The three types of unbalances to consider are static, couple and dynamic. Static unbalance (Figure 1) occurs when a mass at a certain radius from the axis of rotation causes a shift in the inertia axis. Couple unbalance, usually found in cylindrical shapes, occurs when two equal masses positioned at 180 degrees from each other cause a shift in the inertia axis, leading to vibration effects on the bearings. Lastly and most common, dynamic unbalance occurs when you have a combination of both static and couple unbalance.

Balancing Methods used Today

Figure 2 High-Speed Balance

Two of the most popular balancing methods that are performed on existing turbine rotors are low-speed balancing and high-speed balancing methods. A low-speed balance helps determine wear and tear on rotor under minimum speed conditions. This method is generally used by companies who lack access to a high-speed balance cell. A high-speed balance (Figure 2) allows the test be run at or passed operating speed, and even though it is more expensive, it tends to be a more accurate method of testing. The primary reason why  more end users are opting for this type of balance, for both turbine rotors and power generator fields, is that all major components can be tested under rigorous conditions. By doing this, the full operating lives of these components can accurately be determined.

Want to make sure you’re taking into account unbalances when designing rotors in rotating equipment? Look into our rotordynamics software capabilities 


Reciprocating Machinery Dynamics by Abdulla S. Rangwala – Chapter 9

The Origin of Rotordynamics

Rotordynamics, the study of vibrational energy in rotors, has a rich history dating back to North America during the 1750’s. This branch of applied mechanics began with theories, but advanced quickly due to practices – starting with Mr. W.J.M Rankine in 1869 and his spinning shaft experiment. Now, decades later, we have strengthened our understanding of rotordynamics and created leading software tools, including AxSTREAM, that are able to simulate analyses to stabilize and increase the reliability of a turbomachinery.

W.J.M Rankine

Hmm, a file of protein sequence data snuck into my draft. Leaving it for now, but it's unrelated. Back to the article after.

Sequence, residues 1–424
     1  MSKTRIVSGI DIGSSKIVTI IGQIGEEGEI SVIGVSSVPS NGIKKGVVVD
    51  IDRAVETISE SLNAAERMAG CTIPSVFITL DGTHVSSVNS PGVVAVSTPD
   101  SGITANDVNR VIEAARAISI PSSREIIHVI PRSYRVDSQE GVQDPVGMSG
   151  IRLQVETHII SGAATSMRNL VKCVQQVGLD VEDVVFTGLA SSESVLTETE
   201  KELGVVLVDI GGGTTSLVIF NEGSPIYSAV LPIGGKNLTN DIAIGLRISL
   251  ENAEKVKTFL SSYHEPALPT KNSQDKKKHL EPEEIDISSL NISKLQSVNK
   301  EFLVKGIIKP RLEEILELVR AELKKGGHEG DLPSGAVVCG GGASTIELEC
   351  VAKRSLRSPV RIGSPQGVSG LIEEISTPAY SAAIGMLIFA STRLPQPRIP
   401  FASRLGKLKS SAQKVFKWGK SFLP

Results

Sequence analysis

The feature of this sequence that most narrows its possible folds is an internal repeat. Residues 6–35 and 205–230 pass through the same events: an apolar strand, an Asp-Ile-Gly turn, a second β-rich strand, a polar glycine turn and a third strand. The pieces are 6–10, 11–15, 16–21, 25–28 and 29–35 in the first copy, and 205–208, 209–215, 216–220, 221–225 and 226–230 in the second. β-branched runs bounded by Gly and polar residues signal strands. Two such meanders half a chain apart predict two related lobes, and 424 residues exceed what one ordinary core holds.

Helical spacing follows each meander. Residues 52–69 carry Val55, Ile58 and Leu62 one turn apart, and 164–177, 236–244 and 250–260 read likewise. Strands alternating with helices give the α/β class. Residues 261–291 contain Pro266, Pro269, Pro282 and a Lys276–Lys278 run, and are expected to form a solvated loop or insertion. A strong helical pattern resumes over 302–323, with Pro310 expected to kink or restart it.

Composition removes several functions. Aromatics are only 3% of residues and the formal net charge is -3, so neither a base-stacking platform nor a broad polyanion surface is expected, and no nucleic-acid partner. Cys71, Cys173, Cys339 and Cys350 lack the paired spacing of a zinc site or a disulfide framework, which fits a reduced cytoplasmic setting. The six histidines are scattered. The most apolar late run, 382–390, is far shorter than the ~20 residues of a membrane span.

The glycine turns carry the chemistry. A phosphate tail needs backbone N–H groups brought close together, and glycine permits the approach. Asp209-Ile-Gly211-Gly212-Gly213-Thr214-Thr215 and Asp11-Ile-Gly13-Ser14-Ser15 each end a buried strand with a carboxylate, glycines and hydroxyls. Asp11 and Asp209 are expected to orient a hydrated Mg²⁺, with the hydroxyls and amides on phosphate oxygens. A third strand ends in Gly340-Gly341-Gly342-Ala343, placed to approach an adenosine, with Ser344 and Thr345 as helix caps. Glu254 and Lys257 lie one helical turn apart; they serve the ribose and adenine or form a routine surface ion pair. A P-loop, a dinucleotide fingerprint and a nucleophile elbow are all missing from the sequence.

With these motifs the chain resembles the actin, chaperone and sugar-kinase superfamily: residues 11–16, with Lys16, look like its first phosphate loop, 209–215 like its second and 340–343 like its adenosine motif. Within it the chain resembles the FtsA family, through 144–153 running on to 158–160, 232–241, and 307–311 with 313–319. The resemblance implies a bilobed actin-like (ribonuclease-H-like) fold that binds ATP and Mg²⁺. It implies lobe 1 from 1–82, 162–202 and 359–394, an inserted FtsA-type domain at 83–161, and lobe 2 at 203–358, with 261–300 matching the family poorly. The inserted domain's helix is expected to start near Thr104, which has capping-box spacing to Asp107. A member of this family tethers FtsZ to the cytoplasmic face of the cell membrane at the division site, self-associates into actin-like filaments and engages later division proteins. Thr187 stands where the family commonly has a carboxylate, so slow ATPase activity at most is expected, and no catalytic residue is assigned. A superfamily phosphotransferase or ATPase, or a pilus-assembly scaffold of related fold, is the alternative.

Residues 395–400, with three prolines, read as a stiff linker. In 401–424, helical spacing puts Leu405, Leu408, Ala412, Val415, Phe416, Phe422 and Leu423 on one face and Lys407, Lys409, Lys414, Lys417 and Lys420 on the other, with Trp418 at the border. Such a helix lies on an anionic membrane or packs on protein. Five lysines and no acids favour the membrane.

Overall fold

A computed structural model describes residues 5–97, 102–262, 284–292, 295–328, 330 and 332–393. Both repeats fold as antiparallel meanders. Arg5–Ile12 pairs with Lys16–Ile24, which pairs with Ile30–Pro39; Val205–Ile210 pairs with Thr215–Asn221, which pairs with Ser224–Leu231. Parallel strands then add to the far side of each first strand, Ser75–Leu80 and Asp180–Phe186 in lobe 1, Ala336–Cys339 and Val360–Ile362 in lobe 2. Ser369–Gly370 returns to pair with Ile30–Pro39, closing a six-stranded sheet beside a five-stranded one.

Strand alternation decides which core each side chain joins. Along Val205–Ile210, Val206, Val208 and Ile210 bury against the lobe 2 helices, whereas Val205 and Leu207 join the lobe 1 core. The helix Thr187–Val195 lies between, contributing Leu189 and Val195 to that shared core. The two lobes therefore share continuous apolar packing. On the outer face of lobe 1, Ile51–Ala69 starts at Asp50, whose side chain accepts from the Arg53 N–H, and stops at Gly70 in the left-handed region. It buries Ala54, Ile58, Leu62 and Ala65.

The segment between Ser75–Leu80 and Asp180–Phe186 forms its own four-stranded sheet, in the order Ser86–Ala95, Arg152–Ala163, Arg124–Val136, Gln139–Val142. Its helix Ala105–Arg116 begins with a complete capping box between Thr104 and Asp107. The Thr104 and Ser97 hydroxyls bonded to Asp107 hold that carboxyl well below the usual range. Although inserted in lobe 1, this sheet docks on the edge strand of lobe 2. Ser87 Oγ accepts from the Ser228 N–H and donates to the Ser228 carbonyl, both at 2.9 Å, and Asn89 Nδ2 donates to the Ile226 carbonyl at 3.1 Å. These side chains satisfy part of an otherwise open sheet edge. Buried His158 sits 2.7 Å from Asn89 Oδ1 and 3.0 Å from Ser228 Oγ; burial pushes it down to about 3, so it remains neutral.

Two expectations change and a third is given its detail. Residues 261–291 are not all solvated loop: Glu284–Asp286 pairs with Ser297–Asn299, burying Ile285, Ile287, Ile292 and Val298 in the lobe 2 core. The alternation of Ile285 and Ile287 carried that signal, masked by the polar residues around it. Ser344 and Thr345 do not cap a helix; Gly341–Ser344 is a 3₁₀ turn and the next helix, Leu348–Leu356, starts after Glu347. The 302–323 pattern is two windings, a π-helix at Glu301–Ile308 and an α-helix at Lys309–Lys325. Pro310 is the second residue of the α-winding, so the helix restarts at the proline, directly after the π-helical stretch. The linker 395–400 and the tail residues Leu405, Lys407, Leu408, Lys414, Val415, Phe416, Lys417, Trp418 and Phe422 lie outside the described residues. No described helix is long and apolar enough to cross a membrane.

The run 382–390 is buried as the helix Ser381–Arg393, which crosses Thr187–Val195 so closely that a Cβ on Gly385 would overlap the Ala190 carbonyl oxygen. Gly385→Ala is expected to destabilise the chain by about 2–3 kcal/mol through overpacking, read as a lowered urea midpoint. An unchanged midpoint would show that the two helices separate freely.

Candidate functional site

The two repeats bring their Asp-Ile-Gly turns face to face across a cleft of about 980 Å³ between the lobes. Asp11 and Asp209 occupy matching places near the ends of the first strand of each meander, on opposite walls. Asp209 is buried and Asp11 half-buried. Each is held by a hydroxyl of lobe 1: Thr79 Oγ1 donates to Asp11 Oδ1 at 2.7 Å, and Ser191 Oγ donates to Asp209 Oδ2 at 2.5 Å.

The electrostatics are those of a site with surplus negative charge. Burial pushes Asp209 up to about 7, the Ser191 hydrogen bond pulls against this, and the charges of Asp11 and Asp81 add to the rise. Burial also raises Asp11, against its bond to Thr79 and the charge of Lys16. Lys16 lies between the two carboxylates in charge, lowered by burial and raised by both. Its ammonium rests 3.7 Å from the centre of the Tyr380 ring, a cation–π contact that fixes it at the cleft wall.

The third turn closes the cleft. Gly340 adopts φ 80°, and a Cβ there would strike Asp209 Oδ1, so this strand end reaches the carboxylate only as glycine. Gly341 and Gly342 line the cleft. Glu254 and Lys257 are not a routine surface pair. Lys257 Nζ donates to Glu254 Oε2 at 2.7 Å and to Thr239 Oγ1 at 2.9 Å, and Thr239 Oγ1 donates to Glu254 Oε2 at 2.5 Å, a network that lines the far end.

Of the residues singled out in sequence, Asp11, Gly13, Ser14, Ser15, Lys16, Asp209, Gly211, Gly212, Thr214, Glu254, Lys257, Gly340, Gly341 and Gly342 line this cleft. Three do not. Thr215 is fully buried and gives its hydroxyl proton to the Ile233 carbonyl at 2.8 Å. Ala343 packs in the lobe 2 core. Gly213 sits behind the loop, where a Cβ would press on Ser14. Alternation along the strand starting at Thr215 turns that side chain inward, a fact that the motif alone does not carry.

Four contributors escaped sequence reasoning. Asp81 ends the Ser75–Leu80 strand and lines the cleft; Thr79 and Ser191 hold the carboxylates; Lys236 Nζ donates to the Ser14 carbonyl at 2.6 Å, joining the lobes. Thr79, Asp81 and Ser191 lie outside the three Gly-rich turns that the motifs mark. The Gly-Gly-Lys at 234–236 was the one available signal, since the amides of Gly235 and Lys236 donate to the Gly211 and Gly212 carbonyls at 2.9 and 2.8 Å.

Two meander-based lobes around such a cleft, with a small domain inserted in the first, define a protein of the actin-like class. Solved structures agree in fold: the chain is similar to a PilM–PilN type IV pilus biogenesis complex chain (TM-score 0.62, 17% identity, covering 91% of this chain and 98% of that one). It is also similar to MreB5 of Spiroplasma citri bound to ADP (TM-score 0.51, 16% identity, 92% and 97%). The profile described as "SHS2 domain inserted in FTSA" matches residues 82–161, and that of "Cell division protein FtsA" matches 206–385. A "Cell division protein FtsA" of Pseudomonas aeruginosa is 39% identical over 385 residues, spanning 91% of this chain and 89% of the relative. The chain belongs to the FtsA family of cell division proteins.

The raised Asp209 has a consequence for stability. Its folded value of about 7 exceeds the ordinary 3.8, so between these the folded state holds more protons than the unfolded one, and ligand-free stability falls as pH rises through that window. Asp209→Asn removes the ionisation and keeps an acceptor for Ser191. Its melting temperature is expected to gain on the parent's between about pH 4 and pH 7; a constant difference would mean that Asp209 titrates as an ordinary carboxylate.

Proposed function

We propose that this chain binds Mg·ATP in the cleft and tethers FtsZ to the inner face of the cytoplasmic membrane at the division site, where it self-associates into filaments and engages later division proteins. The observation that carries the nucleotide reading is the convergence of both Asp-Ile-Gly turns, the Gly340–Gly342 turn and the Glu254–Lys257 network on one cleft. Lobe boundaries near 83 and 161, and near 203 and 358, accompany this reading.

Not only was W.J.M Rankine a prestigious theoretical scientist and educator, he was a main contributor in the development of rotordynamics and he contributed to thermodynamics and the development of heat engines throughout his lifetime. During his spinning shaft experiment, he concluded that beyond the shaft’s first critical speed, the shaft would be unstable simply because its shape had been bent. By not taking into consideration support damping and Coriolis force in his analysis, many engineers were left confused for almost two centuries, until Gustaf de Laval, a Swedish engineer, ran a steam turbine to supercritical speeds in the late 1880’s. Laval also introduced the use of bearings to oppose absolute motion in his machinery. As the years went by, many other engineers discovered and investigated additional phenomenons (FEM for example) that have an influence in today’s practices.
It is because of these previous innovators that companies like SoftInWay have been able to develop the advanced  rotodynamics modules that we use today.

AxSTREAM, for example is a prime example of this. The software tool saves engineering time and cost and it ensures that no destructive rotor dynamicsvibration will occur in the rotor-bearing system. It is able to perform many analyses like Static Gravity Deflection, Critical Speeds, Damped Unbalance Response, Modal and Transient. It is because of the rich history of rotordynamic development that software platforms like AxSTREAM are able to ensure the best design and performance for your turbomachinery.

Figure 2: Demostration of AxSTREAM RotorDynamics